That's not the only bug by any means. Here's another example. If you receive a new message while your inbox is open, it updates the number of messages in the inbox, but not the messages themselves. Thus, not only is there no way to actually see the new message without exiting and re-entering the inbox, but there's a "phantom" message at the end of the list because the count of messages is now off by one. If you try to view this message, the pager reboots.
Finally, the pager is simply too big. This is probably because of its age; if it were designed today, it could be made smaller, but it's old. There's quite a bit of empty space around the screen, and the keyboard is uncomfortably spread-out - there are small keys with lots of space between them. It's an annoying space-hog on my belt, and the larger keyboard makes it more difficult to type, forcing me to extend my fingers further and reducing my accuracy.
My ideal pager would be a T900 with a better antenna and a higher-resolution (but not physically larger) screen. The P935 is a very poor substitute for what I really want, but it's what I can get.
I got this phone for free. It was worth at least what I paid for it.
I'll start with the things I like about it. It has a telescoping antenna which can be extended, but which still works pretty well when it's not. It has voice recognition for up to 30 numbers, and it works well; it almost always identifies the name correctly.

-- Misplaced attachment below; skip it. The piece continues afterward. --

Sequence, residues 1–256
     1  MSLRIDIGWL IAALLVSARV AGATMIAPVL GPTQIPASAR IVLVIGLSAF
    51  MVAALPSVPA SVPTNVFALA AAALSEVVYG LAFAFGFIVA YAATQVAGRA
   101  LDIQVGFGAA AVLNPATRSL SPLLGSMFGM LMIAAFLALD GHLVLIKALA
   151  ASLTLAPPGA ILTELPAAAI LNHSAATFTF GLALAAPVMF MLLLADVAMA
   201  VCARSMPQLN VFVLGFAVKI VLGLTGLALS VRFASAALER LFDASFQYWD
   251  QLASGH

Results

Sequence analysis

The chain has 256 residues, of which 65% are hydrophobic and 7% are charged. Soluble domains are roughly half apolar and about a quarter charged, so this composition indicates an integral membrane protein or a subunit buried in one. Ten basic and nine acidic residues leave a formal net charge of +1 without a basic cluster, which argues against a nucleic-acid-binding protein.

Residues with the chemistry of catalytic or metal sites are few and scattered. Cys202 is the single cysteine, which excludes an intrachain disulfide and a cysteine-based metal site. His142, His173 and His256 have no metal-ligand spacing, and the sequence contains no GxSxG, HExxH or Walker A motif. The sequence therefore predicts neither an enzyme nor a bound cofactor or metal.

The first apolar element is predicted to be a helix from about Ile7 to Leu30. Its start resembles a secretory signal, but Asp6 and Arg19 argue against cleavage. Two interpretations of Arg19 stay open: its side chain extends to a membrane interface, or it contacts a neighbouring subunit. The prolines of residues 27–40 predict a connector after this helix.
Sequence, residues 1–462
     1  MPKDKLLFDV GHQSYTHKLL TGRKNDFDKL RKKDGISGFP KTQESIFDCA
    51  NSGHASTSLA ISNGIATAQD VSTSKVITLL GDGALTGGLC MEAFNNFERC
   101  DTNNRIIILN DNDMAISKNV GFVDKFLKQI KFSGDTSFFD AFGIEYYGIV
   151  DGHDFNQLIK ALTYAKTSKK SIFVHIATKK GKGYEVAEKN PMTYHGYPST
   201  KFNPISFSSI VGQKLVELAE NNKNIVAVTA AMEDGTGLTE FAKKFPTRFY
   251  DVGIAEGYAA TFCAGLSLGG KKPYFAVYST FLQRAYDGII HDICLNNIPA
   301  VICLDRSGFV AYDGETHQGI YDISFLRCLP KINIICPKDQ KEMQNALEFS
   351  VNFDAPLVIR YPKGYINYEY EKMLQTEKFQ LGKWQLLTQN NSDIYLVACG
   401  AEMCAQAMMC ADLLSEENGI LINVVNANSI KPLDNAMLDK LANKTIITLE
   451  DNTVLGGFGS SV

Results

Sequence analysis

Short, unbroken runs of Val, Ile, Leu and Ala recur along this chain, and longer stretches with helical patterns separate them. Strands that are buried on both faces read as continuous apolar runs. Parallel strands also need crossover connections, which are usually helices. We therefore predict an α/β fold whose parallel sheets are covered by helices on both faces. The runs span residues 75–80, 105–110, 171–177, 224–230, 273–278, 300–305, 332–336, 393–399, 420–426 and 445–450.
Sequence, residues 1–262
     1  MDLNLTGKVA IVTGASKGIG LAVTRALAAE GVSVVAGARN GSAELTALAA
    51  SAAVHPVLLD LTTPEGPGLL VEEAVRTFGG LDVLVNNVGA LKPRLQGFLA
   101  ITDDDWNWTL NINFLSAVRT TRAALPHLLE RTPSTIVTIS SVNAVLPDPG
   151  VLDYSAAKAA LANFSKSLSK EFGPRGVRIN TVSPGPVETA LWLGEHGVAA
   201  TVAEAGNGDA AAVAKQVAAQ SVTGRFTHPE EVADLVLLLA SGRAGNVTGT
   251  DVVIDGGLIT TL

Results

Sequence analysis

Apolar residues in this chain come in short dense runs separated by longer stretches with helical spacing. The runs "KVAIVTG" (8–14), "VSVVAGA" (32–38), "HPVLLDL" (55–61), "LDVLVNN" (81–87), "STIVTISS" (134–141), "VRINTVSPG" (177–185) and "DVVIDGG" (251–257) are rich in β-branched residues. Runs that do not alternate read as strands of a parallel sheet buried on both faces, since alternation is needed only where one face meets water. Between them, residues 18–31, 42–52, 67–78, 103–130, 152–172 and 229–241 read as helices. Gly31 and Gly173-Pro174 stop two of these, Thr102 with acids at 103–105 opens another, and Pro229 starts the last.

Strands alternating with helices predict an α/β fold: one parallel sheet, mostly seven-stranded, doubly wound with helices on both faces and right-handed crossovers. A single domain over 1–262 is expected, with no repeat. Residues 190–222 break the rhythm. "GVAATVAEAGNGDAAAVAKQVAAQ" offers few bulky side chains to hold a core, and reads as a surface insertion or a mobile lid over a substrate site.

The things I don't like about it will take considerably more space. The battery lasts for about three days of idleness, or two hours of active use, before needing a recharge. I find this pathetic, and because it's a proprietary lithium-ion battery, it will be quite expensive to replace once this rapid cycling has made it lose most of its capacity.
The phone book isn't particularly well thought out. The name is limited to twelve characters, which often isn't enough to fully identify people and forces you to abbreviate their names. When you want to set up a number to call on voice command, you need to enter the number - you can't tell it to copy one of the numbers you've already entered for Home or Work, and you can't see those numbers to copy them either, leading to one of those frustrating situations where you have to write something down on a piece of paper in order to copy it from one place on your electronic device to another.
Like most phones, it has limited text-entry capabilities. You can enter letters and numbers on the keypad, either by pressing the number repeatedly to cycle through the letters, or by having it use its internal dictionary to figure out which word you probably meant using a single press per letter. These modes work as well as expected, although cycling between them is more annoying than it might be.
Perhaps the worst problem with this phone is an actual bug - when you put it in "silent" mode, it doesn't vibrate when you get a call, it just blinks. This is a known problem with many phones of this model, and the recommend solution is "send it back and keep trying new ones until you get one which works."
All in all, it's a perfectly adequate phone if your provider is going to give it to you like mine did, but if you're paying money, I'd keep looking.